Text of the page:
To Canada I will go with pockets a-jingling.

So, I'm getting ready to go to Vancouver, BC, next week for the Philosophy of Science Association meeting (which coincides with the Society for Social Studies of Science meeting and the History of Science Society meeting). And I'm really jazzed that I'll get to meet John Lynch and John Wilkins and Ben Cohen and David Ng in the three-dimensional world.

But I'm also psyched that I'm going to be able to get rid of all the Canadian coinage that has found its way into my hands over the last several years.*

Naturally, this has led me to wonder whether there is a typical Canadian experience that is analogous to the experience those of us in the U.S. describe as "being stuck with a Canadian penny" (or nickle or dime).

In the great white north, does receiving change that includes the odd U.S. penny have the same undertone of being cheated? I mean sure, you've ended up with a currency that is not legal tender in your country, so it's unable to perform the functions one typically wants the coins in one's pockets to perform. But at the same time, you've gotten change that (according to the currency exchange rates) is worth a bit more than the change you were entitled to. Does it feel like an extra bonus? Or is it completely outweighed by the need to actually transact commerce with an American?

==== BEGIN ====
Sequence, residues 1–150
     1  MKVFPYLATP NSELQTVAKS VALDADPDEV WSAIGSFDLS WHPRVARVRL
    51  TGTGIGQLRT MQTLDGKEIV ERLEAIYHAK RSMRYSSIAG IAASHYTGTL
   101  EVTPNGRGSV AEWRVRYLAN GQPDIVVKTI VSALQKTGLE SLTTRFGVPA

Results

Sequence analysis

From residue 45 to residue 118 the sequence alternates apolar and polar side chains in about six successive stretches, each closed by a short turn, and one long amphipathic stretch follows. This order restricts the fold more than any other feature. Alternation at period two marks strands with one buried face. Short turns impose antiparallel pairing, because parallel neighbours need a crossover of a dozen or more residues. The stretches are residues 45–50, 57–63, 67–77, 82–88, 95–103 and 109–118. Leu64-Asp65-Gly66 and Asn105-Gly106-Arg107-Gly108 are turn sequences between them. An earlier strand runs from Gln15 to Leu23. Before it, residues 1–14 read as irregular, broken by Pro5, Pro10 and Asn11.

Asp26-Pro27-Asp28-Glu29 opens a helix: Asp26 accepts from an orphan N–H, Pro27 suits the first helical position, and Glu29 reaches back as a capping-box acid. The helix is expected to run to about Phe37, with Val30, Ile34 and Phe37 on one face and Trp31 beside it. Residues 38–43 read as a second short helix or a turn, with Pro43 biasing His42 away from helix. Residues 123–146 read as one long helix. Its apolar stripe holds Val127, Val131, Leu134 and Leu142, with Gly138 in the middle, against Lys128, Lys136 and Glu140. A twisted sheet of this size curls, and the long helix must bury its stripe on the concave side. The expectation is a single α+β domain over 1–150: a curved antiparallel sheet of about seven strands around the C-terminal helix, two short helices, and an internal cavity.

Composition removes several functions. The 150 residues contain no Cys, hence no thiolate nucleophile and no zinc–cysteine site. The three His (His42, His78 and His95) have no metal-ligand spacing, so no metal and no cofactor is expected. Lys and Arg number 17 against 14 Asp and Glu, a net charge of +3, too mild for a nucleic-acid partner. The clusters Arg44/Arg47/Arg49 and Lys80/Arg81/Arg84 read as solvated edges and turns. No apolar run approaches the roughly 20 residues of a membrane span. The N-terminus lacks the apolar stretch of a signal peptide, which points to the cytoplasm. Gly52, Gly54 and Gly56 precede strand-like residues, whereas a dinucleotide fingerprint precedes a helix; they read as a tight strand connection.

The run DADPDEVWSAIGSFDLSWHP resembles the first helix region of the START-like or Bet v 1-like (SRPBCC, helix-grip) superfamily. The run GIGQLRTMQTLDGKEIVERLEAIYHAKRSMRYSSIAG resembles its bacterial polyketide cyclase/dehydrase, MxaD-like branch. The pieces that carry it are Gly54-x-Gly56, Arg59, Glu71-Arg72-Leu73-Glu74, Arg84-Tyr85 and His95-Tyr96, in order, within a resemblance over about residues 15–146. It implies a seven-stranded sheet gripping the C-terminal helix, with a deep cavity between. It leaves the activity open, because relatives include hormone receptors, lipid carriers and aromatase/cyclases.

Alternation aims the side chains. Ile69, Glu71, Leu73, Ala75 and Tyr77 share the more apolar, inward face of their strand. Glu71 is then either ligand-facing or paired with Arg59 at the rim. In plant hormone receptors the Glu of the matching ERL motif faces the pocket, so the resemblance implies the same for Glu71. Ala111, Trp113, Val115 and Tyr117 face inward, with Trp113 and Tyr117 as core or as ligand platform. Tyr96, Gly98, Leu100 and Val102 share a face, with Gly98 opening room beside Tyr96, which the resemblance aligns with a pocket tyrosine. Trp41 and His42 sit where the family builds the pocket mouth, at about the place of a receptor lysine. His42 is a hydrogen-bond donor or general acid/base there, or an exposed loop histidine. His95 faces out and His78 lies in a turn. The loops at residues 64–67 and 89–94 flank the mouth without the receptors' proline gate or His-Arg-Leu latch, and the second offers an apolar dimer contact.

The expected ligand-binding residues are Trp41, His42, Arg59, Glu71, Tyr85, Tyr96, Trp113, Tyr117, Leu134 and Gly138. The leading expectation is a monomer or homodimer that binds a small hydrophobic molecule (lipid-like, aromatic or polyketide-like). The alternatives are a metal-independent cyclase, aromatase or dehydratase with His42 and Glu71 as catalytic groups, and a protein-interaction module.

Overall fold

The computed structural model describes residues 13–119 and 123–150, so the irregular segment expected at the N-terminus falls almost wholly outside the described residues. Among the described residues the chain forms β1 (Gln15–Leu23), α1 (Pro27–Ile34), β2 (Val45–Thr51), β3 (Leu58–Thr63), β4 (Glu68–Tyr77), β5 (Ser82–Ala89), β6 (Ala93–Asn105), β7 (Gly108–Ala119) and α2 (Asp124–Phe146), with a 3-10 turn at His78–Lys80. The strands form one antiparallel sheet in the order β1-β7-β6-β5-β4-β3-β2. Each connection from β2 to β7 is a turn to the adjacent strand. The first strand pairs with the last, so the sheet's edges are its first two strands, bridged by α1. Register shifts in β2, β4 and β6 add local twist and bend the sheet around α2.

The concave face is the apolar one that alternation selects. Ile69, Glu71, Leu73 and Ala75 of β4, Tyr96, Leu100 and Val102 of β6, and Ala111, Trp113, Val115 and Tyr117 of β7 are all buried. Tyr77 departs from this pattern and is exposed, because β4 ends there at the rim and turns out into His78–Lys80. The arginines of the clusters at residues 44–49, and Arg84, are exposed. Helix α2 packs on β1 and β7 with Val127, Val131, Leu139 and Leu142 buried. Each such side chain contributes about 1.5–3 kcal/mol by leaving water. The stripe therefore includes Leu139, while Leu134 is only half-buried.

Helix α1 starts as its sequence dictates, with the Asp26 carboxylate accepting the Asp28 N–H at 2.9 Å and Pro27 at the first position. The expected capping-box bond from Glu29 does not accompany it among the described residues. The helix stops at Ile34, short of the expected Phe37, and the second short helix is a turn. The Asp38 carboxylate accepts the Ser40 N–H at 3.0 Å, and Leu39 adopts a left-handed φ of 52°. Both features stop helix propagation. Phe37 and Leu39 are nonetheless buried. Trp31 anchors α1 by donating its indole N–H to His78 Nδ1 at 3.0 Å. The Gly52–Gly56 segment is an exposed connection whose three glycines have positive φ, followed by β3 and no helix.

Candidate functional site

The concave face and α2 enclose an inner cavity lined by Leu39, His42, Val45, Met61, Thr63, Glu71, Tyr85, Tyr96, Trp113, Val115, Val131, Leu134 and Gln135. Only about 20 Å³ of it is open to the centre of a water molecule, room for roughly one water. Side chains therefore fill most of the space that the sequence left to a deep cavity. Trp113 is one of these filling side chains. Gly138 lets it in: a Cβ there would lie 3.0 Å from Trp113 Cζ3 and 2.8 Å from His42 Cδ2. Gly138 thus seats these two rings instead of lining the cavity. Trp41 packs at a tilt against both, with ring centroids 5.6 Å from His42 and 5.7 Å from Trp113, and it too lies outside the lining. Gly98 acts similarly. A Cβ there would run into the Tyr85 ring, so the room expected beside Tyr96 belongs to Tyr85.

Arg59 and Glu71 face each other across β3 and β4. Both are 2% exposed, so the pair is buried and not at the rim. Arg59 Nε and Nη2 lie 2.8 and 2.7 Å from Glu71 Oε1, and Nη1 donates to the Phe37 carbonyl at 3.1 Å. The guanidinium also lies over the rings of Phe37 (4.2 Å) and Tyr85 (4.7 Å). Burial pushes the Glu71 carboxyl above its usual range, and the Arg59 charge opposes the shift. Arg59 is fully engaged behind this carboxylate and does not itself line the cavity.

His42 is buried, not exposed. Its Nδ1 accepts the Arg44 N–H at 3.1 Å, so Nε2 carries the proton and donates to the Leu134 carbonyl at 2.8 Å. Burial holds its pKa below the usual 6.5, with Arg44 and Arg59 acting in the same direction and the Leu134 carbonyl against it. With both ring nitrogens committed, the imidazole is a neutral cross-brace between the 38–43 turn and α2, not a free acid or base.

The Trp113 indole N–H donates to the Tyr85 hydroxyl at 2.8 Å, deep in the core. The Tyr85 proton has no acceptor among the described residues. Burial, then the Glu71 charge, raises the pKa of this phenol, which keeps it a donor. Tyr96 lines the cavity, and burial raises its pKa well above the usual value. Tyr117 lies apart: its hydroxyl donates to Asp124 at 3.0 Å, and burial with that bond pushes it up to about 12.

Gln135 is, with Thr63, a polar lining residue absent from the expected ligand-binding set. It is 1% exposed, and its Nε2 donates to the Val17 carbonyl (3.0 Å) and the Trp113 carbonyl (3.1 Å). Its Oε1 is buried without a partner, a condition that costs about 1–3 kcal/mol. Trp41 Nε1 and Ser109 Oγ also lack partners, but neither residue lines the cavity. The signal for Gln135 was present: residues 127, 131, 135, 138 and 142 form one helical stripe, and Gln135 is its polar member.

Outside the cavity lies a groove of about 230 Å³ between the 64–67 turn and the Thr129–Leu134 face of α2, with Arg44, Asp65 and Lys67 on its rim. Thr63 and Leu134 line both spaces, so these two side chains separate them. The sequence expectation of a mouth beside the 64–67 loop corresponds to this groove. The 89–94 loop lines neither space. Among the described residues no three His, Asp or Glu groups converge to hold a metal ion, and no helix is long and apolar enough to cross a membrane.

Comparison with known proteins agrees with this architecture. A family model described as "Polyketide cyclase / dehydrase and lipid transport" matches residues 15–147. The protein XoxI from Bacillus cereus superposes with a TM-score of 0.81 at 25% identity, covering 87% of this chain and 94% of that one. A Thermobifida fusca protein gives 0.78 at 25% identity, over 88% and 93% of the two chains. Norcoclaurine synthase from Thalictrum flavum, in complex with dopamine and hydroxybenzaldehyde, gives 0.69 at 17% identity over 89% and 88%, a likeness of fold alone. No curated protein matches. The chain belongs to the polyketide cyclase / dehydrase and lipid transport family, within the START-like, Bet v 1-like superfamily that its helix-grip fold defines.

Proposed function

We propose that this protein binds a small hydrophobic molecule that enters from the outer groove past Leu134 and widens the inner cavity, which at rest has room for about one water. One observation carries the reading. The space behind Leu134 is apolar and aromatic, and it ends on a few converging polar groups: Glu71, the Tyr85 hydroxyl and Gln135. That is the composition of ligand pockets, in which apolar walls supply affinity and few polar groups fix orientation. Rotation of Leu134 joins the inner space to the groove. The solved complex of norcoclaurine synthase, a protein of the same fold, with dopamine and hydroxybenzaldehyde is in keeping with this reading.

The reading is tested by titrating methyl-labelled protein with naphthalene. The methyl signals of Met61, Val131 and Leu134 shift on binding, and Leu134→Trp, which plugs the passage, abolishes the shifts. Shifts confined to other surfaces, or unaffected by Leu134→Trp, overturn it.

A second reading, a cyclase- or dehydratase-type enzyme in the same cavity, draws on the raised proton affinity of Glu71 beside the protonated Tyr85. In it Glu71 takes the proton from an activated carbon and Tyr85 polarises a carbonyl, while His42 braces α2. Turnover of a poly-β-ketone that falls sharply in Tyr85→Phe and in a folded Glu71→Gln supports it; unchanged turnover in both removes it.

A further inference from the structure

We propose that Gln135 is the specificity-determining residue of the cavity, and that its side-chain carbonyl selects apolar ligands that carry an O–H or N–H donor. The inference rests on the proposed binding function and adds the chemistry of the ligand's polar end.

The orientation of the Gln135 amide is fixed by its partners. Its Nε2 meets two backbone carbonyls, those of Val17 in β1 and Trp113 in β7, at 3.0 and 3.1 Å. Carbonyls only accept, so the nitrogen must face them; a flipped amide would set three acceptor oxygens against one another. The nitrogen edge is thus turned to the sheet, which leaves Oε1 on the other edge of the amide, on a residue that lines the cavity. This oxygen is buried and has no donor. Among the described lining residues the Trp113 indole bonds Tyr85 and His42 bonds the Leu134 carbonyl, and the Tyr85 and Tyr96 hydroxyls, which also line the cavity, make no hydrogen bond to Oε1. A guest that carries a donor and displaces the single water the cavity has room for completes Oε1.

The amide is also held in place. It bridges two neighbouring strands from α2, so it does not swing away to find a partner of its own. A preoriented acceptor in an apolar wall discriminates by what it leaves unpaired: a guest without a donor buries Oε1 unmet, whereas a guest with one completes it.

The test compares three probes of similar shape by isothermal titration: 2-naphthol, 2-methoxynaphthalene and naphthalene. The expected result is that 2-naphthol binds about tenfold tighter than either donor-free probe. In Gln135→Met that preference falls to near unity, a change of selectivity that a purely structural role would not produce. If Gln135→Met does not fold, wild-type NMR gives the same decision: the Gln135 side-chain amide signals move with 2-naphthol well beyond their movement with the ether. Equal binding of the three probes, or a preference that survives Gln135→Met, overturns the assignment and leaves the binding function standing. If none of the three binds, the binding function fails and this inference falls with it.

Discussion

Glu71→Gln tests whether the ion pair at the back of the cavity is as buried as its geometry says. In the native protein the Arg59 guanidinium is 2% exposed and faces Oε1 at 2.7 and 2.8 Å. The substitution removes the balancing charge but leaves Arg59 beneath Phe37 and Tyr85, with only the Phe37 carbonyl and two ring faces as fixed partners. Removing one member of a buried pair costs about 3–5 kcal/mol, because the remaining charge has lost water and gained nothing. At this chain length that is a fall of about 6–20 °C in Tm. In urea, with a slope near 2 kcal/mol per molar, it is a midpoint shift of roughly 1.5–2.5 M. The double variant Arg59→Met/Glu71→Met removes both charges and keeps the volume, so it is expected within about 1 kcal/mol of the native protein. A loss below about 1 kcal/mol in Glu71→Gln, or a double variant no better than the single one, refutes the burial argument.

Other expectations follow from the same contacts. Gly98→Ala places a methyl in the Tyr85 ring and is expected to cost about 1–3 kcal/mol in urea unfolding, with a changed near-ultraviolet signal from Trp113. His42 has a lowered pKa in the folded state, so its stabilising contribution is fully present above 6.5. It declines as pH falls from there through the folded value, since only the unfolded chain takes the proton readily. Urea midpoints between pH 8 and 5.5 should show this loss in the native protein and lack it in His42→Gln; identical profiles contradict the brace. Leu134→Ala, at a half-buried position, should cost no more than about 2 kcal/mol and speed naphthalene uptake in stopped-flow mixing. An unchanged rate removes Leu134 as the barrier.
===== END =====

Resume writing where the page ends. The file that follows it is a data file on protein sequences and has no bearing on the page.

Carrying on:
Or do Canadians never get U.S. currency in their change by mistake? Is there some other foreign currency of lower value that Canadians get stuck with instead? Is there some set of economic and/or perceptual forces that drives erroneous change-making in such a way that change containing unnoticed foreign currency never (or hardly ever) exceeds the value of the analogous coins in the local currency?

I welcome reports from the field on this matter.
*I'm also going to get rid of about 12 kronor I've had since May, but I may be the only one traveling to Canada to accomplish that particular goal.

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We were just in Vancouver a little over a month ago and, yes, there was the odd Lincoln mixed in with the Loonies, and I think a Jefferson too. Let me know if you want oyster bar recs.

By Uncle Fishy (not verified) on 26 Oct 2006 #permalink

I'm looking forward to it, too. They rejected my (groundbreaking!) paper, so for the first time in a long time I'm going to a conference just to listen and meet and greet.

In the great white north, does receiving change that includes the odd U.S. penny have the same undertone of being cheated?

Not while the U.S. currency is worth more. My experience has always been that they are perfectly happy accepting American currency up there. You probably won't receive a lot of American change though because why would they give you back something that's worth more than there own currency?

I hate to have to tell you, but Canada doesn't accept Canadian money anymore.

Okay, you can bring the money. But bring an umbrella -- the rainy season has started here and will last for the next 6 months.

I'm glad your conference is in our fair city, and welcome to all Sciencebloggers!!

Speaking as a resident of the Great White North, I can assure you that we do get a considerable amount of US coinage mixed with our change. Probably much more frequently than USAns get Canadian coins.

It's not that much of a bonus, though, as we either have to spend it as Canadian (and thus lose out on the potential exchange rate benefit), or save it up until we travel to the USA and spend it there. The banks won't exchange it at the US rate, as it's not worth the bother for them (or so I've found - maybe somewhere there's a Canadian bank that will offer the US exchange rate for coins).